“You clean up nicely,” Richard says when he reaches him. “I’ve never seen you in a suit.” He gently grabs Clark’s lapel and his emerald cufflinks flicker in the light. “Thanks for coming tonight, handsome.”
“Of course. I’ve missed you,” Clark says, pouting his lips. He glances at the crowd and then back to Richard, “How are you handling the patrons?”
“They’re just like my parent’s friends. This is practically my native habitat.”
“I bet you miss them.”
Richard’s eyes soften and lose focus. He lets out a deep sigh before shaking his head and smiling at Clark. “I’m so glad you’re here, Clark.”
“How could I miss it? Tell me about the piece. Is this something I’ve seen before?”
Richard folds his hands in front of himself. “About that–”
A woman wearing a pink pantsuit sticks her arm between Clark and Richard, grabbing Richard’s arm and turning him. “Richard, this is Mr. Mantegna. You remember Mr. Mantegna, don’t you? He’s our host this evening.”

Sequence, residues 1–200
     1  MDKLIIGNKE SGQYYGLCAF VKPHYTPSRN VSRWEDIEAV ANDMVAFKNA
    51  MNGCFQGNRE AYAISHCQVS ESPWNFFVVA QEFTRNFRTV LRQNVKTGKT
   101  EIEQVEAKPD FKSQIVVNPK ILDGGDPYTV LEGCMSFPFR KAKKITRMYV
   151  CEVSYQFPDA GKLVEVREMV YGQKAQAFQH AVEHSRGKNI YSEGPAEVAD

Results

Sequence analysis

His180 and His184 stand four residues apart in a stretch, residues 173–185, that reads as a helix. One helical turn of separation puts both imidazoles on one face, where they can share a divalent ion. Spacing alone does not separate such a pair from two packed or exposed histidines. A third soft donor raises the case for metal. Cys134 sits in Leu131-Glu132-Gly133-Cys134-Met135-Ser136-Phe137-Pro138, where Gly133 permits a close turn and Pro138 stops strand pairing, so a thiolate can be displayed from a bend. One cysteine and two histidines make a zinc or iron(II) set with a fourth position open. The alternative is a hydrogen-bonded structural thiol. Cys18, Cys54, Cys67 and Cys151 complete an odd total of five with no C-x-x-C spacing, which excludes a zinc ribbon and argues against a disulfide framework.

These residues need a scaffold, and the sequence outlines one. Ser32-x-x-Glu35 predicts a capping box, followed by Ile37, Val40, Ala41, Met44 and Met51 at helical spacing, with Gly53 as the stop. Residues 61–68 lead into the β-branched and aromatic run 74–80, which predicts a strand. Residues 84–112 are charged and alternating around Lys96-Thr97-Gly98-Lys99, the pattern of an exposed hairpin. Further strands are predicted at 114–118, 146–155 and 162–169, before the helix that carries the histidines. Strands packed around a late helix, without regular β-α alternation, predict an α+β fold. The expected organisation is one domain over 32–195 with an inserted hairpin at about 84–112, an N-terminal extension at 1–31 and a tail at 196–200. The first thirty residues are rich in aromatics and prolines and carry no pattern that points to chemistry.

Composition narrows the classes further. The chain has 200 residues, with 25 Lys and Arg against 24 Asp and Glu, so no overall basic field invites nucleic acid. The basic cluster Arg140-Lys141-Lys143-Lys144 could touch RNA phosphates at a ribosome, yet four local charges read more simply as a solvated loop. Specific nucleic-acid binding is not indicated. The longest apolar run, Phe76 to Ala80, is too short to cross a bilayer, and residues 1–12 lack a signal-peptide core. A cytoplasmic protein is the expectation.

“Hello, sir. Are you enjoying yourself?” Richard says.
“Oh yes, I’m quite enjoying. . .” says the man, linking Richard’s arm and walking him toward the stage.
Clark steps away quietly into the crowd. He glances over and sees Laurel in the corner nibbling on a tiny piece of toast with a shrimp on it. “I might vomit if I stay around much longer,” he says. “How can you possibly be eating? I hate being around all these. . .”
“Rich fucks—just say it, it’s healing. I just imagine them as sentient stacks of cash. You’ll never make it in the art world if you don’t work the room, honey.”
“I hate that you’re right,” Clark says crossing his arms in front of his chest.
The sound of clinking crystal stills the crowd.